Jump to content
ADI Forums
MythBuster

I hope you all get the idea?

Recommended Posts

Hello all.

I’m an unusual breed of New Member, but hope that there’s room for everyone. Bearing in mind the more progressive Regulatory attitudes to distilling recently, new designs, markets and opportunities are clearly on the horizon. For example, the proposed new USA home distillation rules comfortably accommodate the type of tiny still which I’m developing, as do similarly progressive actual and proposed Regulations elsewhere. So here goes!

 

I am a still developer with a sharply-focussed eye on creativity and innovation. You should know that I most firmly believe in bringing quality distillation into the Consumer domain: every home that wants one should be able to get one, set it up and run it with minimum fuss.

SAFELY!

Those who live in small apartments will already realise that space limitations, not to mention current illegality, make conventional distillation pretty much a non-option on multiple grounds. With likely legalisation (for those Products prepared and able to meet Regulations) at hand, this is my target niche market - a market sector for suitable, legal, equipment which is likely to become orders of magnitude larger than any other.

My work shows very clearly that my "nano-still" provides pretty much all of the requirements of ordinary Consumers: ease-of use, quality, intrinsic safety and sufficiently low cost. There's some big surprises in there for traditionalists.

I'm not here to rock the boat. I simply believe that Big Change is almost upon us and like most other things, it will be Consumer demand which opens up New Territories. It doesn't necessarily follow that existing professional distilleries will suffer. At all.

More to come, but please let me know if I've sensed it wrong and that my discussion of a new branch of distilling here are misplaced?

Hope you are now initially enchanted.

.....  inspired by the famous "Harry".

 

Share this post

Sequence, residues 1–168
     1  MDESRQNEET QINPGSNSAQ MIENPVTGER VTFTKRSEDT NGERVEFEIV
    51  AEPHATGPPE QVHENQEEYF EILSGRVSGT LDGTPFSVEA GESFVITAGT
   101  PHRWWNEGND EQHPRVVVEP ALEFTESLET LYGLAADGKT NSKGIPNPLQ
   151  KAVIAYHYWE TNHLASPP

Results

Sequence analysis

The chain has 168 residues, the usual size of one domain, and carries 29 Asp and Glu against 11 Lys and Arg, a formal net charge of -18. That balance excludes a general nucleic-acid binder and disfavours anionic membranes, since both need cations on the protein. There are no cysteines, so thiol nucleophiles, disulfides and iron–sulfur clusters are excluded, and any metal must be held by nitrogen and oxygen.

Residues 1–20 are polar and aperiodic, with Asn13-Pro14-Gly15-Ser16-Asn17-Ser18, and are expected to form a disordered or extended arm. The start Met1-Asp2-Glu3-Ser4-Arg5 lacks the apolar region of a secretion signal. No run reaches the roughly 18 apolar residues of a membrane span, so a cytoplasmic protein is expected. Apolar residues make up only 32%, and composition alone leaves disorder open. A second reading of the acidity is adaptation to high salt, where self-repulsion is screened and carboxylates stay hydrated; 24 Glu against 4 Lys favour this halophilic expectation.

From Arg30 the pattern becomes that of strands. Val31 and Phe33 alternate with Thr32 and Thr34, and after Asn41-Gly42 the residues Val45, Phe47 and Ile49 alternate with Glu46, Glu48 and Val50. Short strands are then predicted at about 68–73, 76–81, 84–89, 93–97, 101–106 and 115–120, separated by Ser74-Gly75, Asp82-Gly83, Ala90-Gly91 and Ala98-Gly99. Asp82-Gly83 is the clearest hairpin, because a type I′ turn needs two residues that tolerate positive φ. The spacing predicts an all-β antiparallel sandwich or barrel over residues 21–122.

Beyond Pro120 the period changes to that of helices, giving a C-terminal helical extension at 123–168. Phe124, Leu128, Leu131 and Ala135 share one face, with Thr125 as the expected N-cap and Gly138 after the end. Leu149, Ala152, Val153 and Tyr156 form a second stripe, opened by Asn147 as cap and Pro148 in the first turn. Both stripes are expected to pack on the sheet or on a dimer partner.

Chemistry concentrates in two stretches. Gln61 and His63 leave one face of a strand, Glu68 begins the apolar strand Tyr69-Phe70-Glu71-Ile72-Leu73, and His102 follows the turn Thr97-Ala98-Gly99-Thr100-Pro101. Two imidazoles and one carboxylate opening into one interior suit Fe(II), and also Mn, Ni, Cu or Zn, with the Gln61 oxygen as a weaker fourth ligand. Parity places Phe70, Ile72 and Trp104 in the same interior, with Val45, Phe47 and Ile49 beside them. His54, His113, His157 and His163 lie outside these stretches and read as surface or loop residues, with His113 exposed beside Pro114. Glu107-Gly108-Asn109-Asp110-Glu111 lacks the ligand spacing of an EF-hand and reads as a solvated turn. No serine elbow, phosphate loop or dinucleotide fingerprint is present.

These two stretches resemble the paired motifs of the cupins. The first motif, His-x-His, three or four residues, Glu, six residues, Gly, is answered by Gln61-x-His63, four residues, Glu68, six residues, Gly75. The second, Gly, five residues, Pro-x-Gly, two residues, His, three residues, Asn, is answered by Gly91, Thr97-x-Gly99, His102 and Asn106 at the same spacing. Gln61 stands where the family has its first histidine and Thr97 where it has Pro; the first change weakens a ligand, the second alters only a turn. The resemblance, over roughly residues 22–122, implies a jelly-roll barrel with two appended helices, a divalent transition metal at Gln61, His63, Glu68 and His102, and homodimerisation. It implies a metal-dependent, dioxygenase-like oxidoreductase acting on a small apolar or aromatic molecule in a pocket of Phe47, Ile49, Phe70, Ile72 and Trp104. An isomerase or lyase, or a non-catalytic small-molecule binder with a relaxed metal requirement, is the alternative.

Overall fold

Link to post
Share on other sites

Hi Mythbuster,

 

I'm afraid that there are a great many vendors already selling to your target nich market.  In fact, we have sold thousands of home stills and hillbilly stills, mile hi, still dragon, moonshine distiller and claw hammer etc. have sold tens of thousands more than we have over the last 7 or 8 years.  

Share this post


Link to post
Share on other sites

Thanks for your reply Southernhighlande.

I am aware of such existing vendors and their Products, all of which appear to do what their makers claim, but which are of a totally different genre to my own design.

I have taken a radically different approach to address the needs of ordinary Consumers who are unaware of most aspects of distillation. Especially if (in the wrong hands) using traditional, potentially dangerous equipment.

Because of the need for Intrinsic Safety in a Consumer device, this has to take priority over all other design considerations from the outset. I keep the volume of alcohol - gas and liquid - at any one time, in any one place at an absolute minimum so that if the operator for example got careless, or even reckless with a naked flame, the consequences would be minimal and manageable from a safety perspective.

A basic NanoStill design consideration was that a domestic purchaser doesn’t need more than a gallon (4.5l) of 40% spirit per week. Most people drink far, far less than this. Which, for a continuously operating still represents a necessary output of only about 5 drops per minute if the output is taken at 60% ABV. Over that week maybe 20 litres (~4 gallons) of wine feed will be needed. If the operator needs twice as much alcohol, he should buy and run TWO such stills! The power requirement per still is a mere 50 watts.